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Change afoot in performance training

What was it Bob Dylan used to sing about “The times they are a’changing?” I don’t think he meant drama schools but it certainly seems to apply at the moment.

Take audition fees. No one should have to pay to apply for a higher education or training place in any field. Yet, audition fees have long been standard because the largest schools, which see thousands of candidates every year, find it a useful income stream. Well you know – I’ve said it enough times before – what I think of the morality of that.

Two cheers then for LAMDA which has just slashed its first round audition fee to £12. It’s a pity they continue to charge £45 for recalls (“We think you might be in with a chance so now pay up”?) but it’s a start. And where LAMDA leads there is a reasonable chance that other famous colleges will follow. Meanwhile Read College in Reading tells me that it too charges only £12.00. Fourth Monkey (of which more below) is now not charging at all.

The best idea in my view, comes courtesy of TheMTA, a small college which punches well above its weight with a fine track record, founded by Annemarie Lewis Thomas in 2009. Based in north London, the college caps its audition numbers so it has to guard against the no-shows which free auditions might cause. The solution they’ve come up with is to charge a returnable deposit for auditions: you pay up front but get it back once you’ve attended your audition. Genius. I hope all drama schools and colleges are listening.

I’ve followed the development of Fourth Monkey since Steve Green founded it as a training company in 2010. It is now based in its own very businesslike premises (“The Monkey House” near Finsbury Park) where it runs its original one year course as well as a two year course so students can do a full three year training if they wish.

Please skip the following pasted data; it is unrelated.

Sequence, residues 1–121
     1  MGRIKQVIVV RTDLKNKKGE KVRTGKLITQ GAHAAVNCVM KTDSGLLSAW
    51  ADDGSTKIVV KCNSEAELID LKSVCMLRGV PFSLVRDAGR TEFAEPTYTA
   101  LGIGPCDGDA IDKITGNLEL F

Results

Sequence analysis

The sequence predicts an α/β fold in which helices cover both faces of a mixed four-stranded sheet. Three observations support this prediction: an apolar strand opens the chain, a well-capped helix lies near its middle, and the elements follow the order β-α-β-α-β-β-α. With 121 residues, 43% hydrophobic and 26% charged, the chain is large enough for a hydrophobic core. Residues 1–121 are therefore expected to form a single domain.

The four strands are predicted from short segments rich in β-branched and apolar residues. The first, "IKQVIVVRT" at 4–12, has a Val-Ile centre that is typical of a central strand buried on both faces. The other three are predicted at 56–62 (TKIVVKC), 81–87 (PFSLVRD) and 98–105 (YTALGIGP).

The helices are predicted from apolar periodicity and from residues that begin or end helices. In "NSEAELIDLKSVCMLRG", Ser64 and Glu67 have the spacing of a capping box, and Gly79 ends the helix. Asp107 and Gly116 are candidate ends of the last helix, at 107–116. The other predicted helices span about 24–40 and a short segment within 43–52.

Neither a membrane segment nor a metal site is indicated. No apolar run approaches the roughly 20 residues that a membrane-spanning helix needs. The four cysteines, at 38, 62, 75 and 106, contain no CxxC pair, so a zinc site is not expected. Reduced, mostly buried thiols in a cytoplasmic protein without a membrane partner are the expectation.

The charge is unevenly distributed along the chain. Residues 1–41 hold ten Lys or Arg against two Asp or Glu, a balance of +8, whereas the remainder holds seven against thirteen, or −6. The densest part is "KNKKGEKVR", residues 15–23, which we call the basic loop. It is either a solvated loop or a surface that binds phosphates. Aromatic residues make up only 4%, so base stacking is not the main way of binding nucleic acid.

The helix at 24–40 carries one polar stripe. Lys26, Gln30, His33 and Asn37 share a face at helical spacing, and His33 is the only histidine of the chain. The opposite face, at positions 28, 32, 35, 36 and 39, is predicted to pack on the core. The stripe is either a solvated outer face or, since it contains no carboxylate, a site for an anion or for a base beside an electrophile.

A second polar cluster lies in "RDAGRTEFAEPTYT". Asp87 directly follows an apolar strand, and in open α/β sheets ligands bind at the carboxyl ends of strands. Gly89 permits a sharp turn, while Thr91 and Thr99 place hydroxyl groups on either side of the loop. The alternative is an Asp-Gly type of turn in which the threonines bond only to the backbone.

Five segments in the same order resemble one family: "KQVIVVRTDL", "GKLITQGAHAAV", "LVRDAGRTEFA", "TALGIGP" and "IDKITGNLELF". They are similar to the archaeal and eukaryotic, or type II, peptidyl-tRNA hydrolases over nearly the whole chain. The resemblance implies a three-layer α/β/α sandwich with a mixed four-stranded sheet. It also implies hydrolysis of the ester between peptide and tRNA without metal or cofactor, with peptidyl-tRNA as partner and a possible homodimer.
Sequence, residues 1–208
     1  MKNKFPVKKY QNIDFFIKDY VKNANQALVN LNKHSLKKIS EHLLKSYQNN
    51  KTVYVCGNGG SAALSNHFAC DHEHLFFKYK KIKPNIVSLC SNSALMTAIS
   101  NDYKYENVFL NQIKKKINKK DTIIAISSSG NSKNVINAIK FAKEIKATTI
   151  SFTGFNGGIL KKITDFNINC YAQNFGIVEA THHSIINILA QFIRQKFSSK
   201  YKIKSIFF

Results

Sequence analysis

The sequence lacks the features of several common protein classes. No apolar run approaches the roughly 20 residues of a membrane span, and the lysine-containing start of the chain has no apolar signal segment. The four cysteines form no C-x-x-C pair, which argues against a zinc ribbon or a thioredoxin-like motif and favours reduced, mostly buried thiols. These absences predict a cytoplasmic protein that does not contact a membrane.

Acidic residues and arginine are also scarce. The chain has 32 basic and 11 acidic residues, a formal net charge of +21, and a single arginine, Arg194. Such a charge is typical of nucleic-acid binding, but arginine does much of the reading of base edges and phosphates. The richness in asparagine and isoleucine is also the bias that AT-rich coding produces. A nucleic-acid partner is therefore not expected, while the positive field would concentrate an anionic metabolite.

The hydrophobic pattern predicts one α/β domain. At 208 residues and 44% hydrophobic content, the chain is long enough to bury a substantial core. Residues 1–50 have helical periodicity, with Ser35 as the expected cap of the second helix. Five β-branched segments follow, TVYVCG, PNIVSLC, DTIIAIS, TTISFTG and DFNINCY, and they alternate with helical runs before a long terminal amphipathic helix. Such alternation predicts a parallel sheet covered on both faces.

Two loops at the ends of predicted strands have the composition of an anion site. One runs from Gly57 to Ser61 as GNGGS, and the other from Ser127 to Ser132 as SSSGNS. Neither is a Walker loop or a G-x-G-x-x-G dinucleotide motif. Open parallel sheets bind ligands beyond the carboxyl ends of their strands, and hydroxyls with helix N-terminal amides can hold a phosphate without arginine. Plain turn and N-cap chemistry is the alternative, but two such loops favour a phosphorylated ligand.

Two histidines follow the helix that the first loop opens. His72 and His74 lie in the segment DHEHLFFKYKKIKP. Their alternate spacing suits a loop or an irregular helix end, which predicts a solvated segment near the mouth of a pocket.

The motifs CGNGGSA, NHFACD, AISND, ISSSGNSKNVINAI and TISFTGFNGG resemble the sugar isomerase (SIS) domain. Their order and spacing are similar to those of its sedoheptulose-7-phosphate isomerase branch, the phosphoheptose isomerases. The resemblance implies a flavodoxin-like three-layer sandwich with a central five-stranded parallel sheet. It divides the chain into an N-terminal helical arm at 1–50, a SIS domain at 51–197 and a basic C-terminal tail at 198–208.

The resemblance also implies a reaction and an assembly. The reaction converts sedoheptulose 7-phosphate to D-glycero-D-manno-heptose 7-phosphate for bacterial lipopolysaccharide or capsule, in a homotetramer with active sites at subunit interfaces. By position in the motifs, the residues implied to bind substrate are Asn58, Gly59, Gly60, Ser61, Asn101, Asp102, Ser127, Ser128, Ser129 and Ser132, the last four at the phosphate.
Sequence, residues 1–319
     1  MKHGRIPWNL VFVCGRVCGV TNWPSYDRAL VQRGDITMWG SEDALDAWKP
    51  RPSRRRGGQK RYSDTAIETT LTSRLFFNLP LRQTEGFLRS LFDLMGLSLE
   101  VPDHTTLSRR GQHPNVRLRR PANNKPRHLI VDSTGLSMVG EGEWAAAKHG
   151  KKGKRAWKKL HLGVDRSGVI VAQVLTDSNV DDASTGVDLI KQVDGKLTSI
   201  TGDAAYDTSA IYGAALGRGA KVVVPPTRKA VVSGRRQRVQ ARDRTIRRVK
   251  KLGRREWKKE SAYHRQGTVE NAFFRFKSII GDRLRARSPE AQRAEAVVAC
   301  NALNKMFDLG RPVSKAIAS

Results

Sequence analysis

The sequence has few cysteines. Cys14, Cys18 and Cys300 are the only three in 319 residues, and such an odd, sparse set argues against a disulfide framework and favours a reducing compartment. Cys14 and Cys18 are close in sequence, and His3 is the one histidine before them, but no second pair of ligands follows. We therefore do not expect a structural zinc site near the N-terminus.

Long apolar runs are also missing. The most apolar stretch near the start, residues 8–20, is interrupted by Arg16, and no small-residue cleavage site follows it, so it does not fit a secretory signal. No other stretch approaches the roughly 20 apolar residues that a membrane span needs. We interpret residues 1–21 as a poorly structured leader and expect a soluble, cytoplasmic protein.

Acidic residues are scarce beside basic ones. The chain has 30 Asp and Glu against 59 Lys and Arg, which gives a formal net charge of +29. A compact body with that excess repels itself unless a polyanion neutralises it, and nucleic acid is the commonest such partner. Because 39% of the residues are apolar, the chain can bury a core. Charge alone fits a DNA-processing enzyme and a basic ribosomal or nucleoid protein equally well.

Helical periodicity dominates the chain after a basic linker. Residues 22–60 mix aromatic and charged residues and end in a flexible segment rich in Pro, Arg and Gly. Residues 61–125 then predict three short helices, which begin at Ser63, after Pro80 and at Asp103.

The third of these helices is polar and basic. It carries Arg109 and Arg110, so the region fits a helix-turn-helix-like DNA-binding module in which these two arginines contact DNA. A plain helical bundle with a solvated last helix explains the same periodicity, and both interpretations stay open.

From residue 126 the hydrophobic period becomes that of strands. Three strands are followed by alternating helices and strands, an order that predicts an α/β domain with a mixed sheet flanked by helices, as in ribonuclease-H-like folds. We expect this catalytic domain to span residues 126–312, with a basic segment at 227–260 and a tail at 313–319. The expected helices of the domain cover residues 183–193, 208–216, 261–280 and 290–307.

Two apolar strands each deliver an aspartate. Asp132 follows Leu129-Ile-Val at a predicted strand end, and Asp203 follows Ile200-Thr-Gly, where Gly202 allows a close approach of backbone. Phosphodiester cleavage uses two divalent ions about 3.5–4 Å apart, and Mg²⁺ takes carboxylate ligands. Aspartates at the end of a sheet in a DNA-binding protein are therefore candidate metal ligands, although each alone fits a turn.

Fourth Monkey has just announced that it is  validating its two-year actor training programme in partnership with TEF Gold Standard Falmouth University – to offer an accelerated,  2-year degree course. The accelerated BA (Hons) Acting degree (provided the validation process is finalised) is auditioning now for entry in September 2020.

That’s good news, I think, for two reasons. First Falmouth University runs highly regarded actor training of its own so, unlike many universities, it really does understand the issues. Second, this will give Fourth Monkey students, for the first time, access to funding and support such as student loans.

“With an alumni employment rate of 84% across all media, from stage to TV and film to radio, Fourth Monkey’s graduates can be seen plying their trade throughout the world” Steve Green told me recently.

Then there’s American Musical Theatre Academy (AMTA). Originally based only in London, it’s another school whose fortunes I’ve followed almost from the beginning.

Like Fourth Monkey it celebrates its tenth year in 2020. It is now an international academy with schools in London, New York, Rome and Belfast so its new name is  ICMT (International College of Musical Theatre). Co-founder Kenneth Avery-Clark tells me:  “We are adding a new degree pathway through Middlesex University, London as a training option.” That, of course, means available students loans and other facilities.

I have long argued – and there aren’t many in the industry who would disagree with me – that you don’t need a degree to be an employable performer. If you can sing the song, dance the dance and entrance the audience no one will care about what certificates you have in your desk drawer. No, it’s all about money. Once a college goes down the accredited degree route students no longer have to self-fund.

Change is definitely in the wind. The schools I’ve mentioned here are just examples. I shall be surprised if there isn’t more news along similar lines from elsewhere in the next few weeks.

In other contexts I often argue, like Henry Ford, that if it aint broke don’t fix it but there is a lot in vocational performing arts education which has been “broke” for decades. Thank goodness a few people are, at last, taking note and doing a bit of fixing. A new trend towards increased accessibility? Fingers crossed.

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Susan Elkin Susan Elkin is an education journalist, author and former secondary teacher of English. She was Education and Training Editor at The Stage from 2005 - 2016
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